Hamilton said the long run pace of the Mercedes was “very good” and on further analysis, we would have to agree with him. His Silver Arrow was 0.9s quicker than the Ferrari in race trim, which bodes well for Sunday.Lawrence Barreto
According to Mr. Barreto’s analyses, Hamilton was 0.9 seconds quicker than the Ferraris in race trim. I do not know how he or his team got that number, so I decided to run a quick analysis myself. Let’s see the stats.
Positions gained from races 1 to 12
As I have said, I could not figure out how they got that number. I tried filtering data and getting results in a variety of ways, but I could not figure out how they got the massive delta of 0.9 seconds per lap.
If we take a look at the first graph, which shows the race simulation from each driver in FP2, we will not get conclusive results. Hamilton clearly started to slow down by the end of his stint, while Leclerc took a lap off during lap 23.
I decided to filter the data to include only laps that could be considered as “representative”. This is still a slightly flawed analysis though. Slower laps that are not included in this chart, actually have an influence on the rest of the data. For example, Leclerc had a slow lap time in lap 23. This could have allowed him to cool the tires, which would then improve his time during the following lap. Still, let’s see what we got.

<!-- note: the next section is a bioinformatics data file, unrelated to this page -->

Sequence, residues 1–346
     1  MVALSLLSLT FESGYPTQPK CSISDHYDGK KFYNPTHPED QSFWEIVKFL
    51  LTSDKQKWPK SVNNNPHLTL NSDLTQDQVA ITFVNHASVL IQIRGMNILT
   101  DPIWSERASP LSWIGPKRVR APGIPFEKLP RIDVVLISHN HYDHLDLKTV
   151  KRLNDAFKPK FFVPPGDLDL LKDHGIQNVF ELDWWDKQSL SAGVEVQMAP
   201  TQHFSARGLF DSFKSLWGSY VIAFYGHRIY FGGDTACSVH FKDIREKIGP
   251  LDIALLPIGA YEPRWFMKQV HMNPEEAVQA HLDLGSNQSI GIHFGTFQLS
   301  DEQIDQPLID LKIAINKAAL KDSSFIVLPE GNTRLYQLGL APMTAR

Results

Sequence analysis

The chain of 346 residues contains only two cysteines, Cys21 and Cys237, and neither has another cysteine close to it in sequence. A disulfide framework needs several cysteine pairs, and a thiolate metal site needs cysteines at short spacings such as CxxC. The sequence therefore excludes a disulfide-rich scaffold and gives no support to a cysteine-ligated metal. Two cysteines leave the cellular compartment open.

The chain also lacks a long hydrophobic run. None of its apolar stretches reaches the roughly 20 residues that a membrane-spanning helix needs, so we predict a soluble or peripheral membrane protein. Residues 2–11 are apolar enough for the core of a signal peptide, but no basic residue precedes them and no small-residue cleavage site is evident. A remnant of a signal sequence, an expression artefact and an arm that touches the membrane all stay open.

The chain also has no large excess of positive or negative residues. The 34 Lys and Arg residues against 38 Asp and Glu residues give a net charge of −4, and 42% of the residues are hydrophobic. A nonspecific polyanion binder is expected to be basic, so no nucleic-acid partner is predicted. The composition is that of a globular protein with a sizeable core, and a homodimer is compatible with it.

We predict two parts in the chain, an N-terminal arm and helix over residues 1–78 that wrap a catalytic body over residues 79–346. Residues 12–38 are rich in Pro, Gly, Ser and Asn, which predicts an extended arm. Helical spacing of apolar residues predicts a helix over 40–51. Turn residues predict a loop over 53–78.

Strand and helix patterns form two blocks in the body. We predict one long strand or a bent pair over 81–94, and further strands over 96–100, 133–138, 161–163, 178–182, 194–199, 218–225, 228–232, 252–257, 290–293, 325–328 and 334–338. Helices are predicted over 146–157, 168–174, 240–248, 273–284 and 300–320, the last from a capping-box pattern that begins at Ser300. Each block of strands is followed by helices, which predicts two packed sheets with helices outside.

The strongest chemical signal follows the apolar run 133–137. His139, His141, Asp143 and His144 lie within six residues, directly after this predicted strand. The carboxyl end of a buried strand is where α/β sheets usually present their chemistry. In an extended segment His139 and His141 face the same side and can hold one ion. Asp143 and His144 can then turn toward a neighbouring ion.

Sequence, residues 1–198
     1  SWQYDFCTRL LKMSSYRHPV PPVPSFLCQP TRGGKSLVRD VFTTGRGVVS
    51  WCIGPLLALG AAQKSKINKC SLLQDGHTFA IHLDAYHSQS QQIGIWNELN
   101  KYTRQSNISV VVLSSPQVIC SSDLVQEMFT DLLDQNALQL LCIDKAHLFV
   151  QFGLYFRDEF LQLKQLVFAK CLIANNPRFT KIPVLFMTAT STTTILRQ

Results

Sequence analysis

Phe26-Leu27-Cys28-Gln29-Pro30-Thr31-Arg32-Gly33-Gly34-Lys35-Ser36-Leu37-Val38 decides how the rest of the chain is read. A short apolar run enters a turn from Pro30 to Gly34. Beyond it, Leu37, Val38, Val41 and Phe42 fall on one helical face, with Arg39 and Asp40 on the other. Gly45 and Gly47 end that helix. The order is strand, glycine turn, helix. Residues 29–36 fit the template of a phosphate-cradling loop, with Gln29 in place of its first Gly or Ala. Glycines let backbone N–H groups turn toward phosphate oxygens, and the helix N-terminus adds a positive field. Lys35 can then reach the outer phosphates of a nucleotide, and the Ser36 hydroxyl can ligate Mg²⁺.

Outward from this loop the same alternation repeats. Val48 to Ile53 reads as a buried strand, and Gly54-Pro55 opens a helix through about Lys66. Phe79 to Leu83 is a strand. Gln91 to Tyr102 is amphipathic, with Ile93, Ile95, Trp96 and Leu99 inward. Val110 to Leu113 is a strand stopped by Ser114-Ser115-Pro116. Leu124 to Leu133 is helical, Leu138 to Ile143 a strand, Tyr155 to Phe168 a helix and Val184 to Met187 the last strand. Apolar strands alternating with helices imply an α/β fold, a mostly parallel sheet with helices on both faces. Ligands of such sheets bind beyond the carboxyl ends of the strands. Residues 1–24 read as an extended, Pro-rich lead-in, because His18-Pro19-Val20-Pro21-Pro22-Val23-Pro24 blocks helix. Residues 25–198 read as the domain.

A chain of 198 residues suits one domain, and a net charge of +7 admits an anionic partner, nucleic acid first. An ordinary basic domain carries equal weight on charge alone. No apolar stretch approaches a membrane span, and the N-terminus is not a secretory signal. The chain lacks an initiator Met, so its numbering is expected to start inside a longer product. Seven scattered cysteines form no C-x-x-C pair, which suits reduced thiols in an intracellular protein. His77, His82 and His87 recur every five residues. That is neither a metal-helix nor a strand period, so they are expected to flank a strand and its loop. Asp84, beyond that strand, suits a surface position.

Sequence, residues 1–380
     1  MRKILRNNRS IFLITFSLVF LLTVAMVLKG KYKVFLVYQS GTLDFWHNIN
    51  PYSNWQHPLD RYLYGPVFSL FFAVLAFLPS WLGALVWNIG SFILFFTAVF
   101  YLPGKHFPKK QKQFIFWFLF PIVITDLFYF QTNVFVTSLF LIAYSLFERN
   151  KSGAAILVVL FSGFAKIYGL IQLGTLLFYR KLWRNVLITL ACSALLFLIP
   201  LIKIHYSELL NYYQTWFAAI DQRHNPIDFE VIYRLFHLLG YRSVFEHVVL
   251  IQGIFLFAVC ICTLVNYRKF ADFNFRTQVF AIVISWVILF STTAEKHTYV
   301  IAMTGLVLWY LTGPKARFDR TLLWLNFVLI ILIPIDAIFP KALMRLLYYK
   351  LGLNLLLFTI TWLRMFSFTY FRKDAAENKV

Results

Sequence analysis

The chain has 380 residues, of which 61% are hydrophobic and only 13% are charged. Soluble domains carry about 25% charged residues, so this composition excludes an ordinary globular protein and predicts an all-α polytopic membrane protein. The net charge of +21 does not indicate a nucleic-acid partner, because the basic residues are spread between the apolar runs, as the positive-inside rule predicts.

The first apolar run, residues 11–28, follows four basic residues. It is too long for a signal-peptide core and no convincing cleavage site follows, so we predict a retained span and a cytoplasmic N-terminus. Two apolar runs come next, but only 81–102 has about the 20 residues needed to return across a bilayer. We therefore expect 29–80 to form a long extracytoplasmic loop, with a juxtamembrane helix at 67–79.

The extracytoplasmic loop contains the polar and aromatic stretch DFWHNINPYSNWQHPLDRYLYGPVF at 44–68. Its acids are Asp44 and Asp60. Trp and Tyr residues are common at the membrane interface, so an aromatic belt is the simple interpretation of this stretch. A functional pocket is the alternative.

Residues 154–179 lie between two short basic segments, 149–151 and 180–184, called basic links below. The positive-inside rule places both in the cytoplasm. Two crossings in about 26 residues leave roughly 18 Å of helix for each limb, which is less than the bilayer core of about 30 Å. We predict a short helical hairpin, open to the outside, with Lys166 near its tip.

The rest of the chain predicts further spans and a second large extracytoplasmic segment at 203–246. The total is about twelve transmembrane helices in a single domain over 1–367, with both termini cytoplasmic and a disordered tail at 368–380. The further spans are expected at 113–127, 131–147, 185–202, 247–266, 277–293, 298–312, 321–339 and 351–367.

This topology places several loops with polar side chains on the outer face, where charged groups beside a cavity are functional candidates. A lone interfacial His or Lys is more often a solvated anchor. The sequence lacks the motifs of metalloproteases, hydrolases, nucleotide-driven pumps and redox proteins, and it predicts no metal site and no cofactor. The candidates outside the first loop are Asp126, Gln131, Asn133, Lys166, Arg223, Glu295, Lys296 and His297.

Hamilton ended up with a stint of 7 representative laps, all of them done with the soft tires. His final average time over this stint was of 1:50.697 per lap.
Charles did a stint of 6 representative laps, done with the medium compound. His final average time over this stint was of 1:50.827 seconds per lap.
The difference between both drivers’ race pace was of only 130 thousands of a second per lap, in favour of Lewis Hamilton. This is not even close to 0.9 seconds per lap as established by Mr. Barreto. It is also important to note that these stints are not exactly 100% comparable one with another. Charles’ stint was done with the slower medium compound, while Lewis did his race stint with the fastest compound available.
I really really do now know where the 0.9 seconds per lap difference was seen between both drivers during the race simulation stints done in FP2.
I am not saying that Hamilton is not faster than Charles, maybe he is, but I would really like to know where that data came from. Still, my numbers show that both drivers are quite fast and even. If you ask me right now, I would say that if Ferrari manages to stay in the lead during the first lap, and avoid silly blunders during the race, they should be able to take the race in a few hours.
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